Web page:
“The ‘irreducible constitutional minimum of standing contains three elements': injury in fact, causation, and redressability.” Arpaio v. Obama, 797 F.3d 11, 19 (D.C. Cir. 2015) (quoting Lujan, 504 560-61). “Injury in fact is the ‘invasion of a legally protected interest which is (a) concrete and particularized . . . and (b) actual or imminent, not conjectural or hypothetical.” Id. (quoting Lujan, 504 U.S. at 560) (alterations in original). “The ‘causal connection between the injury and the conduct complained of' must be ‘fairly traceable to the challenged action of the defendant, and not the result of the independent action of some third party not before the court.'” Id. (quoting Lujan, 504 U.S. at 561). Finally, “it must be ‘likely, as opposed to merely speculative, that the injury will be redressed by a favorable decision.'” Id. (quoting Lujan, 504 U.S. at 561).

         Here, Plaintiffs allege that they purchased air passenger transportation for domestic travel directly from Defendants or their predecessors and/or through websites during the alleged conspiracy, that the fares were affected by the alleged conspiracy, and, as a result, that they paid artificially inflated ticket prices. Defendants argue that Plaintiffs have not established standing because they have failed to establish injury in fact. Specifically, Defendants argue that Plaintiffs must identify specific routes that were affected by the alleged conspiracy and plead that they purchased tickets on those specific routes, rather than simply pleading that they purchased tickets from Defendants during the alleged conspiracy. For the reasons described herein, the Court concludes that Plaintiffs sufficiently established their standing to bring this action.

         Defendants assert that Plaintiffs acknowledge in their Complaint that: (1) the capacity of some routes increased during the class period; and (2) fares for some routes decreased during the class period. Def.'s Mot. at 42-43. In support of this assertion, Defendants cite to the following information in the Complaint: (1) Defendant Southwest's announcement in May 2015, that it increased available seat miles (“ASM”)[2] by 7 to 8 percent in 2015, the majority of which was related to the acquisition of two gates at Dallas Love Field and plans to expand service at Houston Hobby airport, Compl. ¶ 116; (2) fares on certain routes where Defendants faced competition from discount carriers declined after the Department of Justice commenced an investigation into a number of airlines on June 30, 2015, id. ¶¶ 133-34; and (3) charts included with the caption “Average Airfares and The Lack of Competitive Pricing on Various Routes” that Plaintiffs claim demonstrate a divergence in fares starting in 2009 on routes where one of the Defendants was the largest carrier as opposed to routes where a non-Defendant airline was the largest carrier, id. ¶¶ 64-65. Defendants assert that these facts demonstrate an acknowledgement by Plaintiffs that only some routes were allegedly affected by the conspiracy.[3]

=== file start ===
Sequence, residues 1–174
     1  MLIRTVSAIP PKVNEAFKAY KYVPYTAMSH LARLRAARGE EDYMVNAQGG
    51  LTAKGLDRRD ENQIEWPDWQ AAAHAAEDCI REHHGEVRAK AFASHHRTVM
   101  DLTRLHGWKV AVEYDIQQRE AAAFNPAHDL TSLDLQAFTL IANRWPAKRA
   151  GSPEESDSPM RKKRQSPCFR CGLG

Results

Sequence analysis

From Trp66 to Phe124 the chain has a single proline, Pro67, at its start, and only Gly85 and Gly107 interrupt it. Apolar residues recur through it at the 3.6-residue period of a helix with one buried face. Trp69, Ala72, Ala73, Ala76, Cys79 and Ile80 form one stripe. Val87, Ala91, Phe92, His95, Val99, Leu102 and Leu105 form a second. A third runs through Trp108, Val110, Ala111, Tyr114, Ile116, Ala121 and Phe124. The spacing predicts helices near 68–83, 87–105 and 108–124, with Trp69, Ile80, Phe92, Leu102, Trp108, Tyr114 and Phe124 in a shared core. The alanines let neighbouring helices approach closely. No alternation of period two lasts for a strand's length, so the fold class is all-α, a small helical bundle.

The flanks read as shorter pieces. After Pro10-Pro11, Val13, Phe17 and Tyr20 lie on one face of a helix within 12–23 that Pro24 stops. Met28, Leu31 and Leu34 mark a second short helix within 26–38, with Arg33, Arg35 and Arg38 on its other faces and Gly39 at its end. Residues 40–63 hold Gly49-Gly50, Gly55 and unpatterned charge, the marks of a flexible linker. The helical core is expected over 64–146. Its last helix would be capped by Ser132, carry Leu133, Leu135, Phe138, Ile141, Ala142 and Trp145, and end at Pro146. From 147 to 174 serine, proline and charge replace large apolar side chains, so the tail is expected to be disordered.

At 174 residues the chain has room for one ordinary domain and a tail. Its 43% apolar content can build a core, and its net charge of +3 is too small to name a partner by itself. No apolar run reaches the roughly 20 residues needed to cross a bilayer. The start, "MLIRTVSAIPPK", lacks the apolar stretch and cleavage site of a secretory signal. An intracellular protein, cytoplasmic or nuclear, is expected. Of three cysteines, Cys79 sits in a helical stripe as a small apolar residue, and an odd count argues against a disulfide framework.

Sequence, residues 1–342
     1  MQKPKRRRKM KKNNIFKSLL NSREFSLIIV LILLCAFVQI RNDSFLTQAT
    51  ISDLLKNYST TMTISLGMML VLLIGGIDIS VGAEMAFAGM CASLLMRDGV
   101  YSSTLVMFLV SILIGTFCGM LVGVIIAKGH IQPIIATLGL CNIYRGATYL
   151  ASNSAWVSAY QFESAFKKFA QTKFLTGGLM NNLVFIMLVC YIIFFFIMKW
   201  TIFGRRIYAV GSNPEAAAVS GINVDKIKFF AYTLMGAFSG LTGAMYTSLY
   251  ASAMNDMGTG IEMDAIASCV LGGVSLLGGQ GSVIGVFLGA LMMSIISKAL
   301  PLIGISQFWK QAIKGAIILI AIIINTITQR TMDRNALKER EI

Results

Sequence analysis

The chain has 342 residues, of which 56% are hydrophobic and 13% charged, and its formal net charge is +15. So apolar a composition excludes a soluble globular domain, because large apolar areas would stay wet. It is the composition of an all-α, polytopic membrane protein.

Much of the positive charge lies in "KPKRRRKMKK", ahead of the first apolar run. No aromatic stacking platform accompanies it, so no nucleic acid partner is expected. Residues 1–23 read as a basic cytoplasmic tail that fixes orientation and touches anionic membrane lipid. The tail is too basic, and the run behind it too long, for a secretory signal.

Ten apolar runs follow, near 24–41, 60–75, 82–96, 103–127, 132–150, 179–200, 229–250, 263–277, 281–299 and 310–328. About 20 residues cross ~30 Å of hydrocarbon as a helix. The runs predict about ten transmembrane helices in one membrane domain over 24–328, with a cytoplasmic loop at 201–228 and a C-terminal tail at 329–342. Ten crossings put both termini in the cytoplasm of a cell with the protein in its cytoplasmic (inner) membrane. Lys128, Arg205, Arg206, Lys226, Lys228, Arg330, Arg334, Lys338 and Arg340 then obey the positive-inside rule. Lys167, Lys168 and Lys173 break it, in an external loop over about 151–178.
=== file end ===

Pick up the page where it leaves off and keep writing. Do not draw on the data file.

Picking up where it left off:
The Court rejects this narrow reading of the Complaint. Indeed, Plaintiffs point to two actions undertaken by Defendants in 2015, and generally present evidence that fares on routes starting in 2009 grew at different rates when a Defendant rather than a non-Defendant airline was the major carrier on the route. It is clear that Defendants misstate the gravamen of the Complaint by focusing on its inclusion of a subsection looking at “various” routes, while ignoring the Complaint's broader allegation of a national conspiracy. Plaintiffs' discussion of fares on some routes does not preclude its argument that the conspiracy affected the fares more generally within the market. While Defendants read the Complaint to indicate that these specific routes or fares were unaffected by the conspiracy, that is a mischaracterization of Plaintiffs' claim.

         Here, Plaintiffs allege that Defendants violated § 1 of the Sherman Act by participating in a conspiracy affecting air passenger transportation services within the United States. Specifically, Plaintiffs' allegation is that Defendants conspired “to fix, raise, maintain, and/or stabilize prices for air passenger transportation services within the United States, its territories and the District of Columbia . . . by, inter alia, colluding to limit capacity on their respective airlines.” Id. ¶ 1. The crux of Plaintiffs' claim is that Defendants colluded to restrict capacity growth and, as a result, airfares were artificially inflated. This claim is not limited to certain routes or city-pairs, as Defendants contend, nor as discussed further below are Plaintiffs required to plead specific routes or city-pairs allegedly affected by the conspiracy. Plaintiffs' allegation is that they suffered a pecuniary injury by paying artificially inflated ticket prices as a result of the conspiracy. This is sufficient to establish injury in fact for purposes of standing.[4] See Osborn v. Visa, Inc., 797 F.3d 1057 (D.C. Cir. 2015), cert. granted ___ U.S. ___, 136 S.Ct. 2543 (2016) (quoting Danvers Motor Co. v. Ford Motor Co., 432 F.3d 286, 293 (3d Cir. 2005)) (“Economic harm, such as that alleged here, ‘is a classic form of injury-in-fact.'”); Oxbow II, 81 F.Supp.3d at 7 (“[P]laintiffs need only allege, as they have in the amended complaint, that they suffered damages as a result of the conspiracy in which defendants participated.”).